A$AP Ferg has somewhat been riding the coattails of A$AP Rocky. We haven’t seen a record from the Harlem trap rapper since ‘Trap Lord’ seven years ago, so it has been awhile between drinks. He has however managed to do appearances and keep himself relevant during that time.
Now however it seems Ferg is coming into his own with his latest album released today, ‘Floor Seats 2.’ His recent appearance on Nas recent single ‘Spicy’ sounds like an off-the-top freestyle, but it just works on a beat that is perfectly built for Ferg. ‘New Level’ also displayed Ferg’s bouncy, Trinidadian toned linguistics which keep him distinguished from other rappers.
Some notable songs on the new album are ‘Marilyn Manson’ feat Marilyn Manson & ‘Hectic’ feat Diddy. Both songs have creepy, deep based trap beat and really stand out on this project. ‘Marilyn Manson’ has Manson himself making various noises throughout the chorus with a terrific guitar solo finish. Hectic has an electronic music type beat which is also interesting. ‘Move ya Hips’ feat Nicki Minaj and MadeinTYO is another decent track. Minaj’s cutesy to aggressive variance works well on the track. As an Australian myself, it was nice to see the track ‘Aussie Freaks’ featuring the Aussie sensation ONEFOUR. The track itself though is nothing special, admittingly.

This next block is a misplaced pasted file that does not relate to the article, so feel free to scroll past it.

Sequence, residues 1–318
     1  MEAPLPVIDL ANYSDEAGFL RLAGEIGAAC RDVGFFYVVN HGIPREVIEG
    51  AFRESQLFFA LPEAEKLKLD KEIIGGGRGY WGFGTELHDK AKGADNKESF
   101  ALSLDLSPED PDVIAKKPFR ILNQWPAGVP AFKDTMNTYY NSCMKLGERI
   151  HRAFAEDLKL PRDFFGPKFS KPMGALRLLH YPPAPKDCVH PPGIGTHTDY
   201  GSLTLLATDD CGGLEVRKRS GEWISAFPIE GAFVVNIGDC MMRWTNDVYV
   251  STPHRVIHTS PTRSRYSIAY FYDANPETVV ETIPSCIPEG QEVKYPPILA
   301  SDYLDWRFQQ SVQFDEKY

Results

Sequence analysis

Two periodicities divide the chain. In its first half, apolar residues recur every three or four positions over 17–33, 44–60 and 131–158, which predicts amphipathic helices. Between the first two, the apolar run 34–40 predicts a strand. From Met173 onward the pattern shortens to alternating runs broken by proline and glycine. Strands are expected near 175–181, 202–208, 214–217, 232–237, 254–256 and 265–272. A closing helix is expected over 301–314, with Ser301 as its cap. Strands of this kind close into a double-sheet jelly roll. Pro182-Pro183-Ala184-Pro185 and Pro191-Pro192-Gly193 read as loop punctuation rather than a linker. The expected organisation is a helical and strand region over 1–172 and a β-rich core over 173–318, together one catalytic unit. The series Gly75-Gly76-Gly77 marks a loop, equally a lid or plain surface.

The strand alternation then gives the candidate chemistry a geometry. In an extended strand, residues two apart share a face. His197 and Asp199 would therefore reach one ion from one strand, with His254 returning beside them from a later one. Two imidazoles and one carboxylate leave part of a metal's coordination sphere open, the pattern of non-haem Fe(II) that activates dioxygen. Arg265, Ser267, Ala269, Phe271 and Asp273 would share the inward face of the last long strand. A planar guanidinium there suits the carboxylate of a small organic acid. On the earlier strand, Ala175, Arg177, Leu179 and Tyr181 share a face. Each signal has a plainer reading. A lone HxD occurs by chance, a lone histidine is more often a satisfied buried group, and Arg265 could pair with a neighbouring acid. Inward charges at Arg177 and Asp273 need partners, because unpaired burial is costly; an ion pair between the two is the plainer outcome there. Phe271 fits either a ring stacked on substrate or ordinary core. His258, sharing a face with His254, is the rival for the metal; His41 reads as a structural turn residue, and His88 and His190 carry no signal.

Half the songs on the album have an eclectic, creative feel and the other tracks seem pretty boring. I wish that he had of kept that eclectic creativity with every single track on the album. That would of allowed this album to reach heights Ferg has not yet attained but remains capable of.
In the following interview with ‘Hip Hop Raised Me’ Ferg he explains the difference between Trap Lord and Floor Seats 2. He explains that when making the old album he was struggling to make ends meet where with ‘Floor Seats 2’ he has moved into more comfortable circumstances. ‘Floor Seats 2’ also shows his lyrical maturity and change of sound beats wise.
In conclusion, this album misses the mark for me. Not one that I will have on repeat. It does however show Ferg’s potential and relevance in hip hop with his own trap/drill/creep style.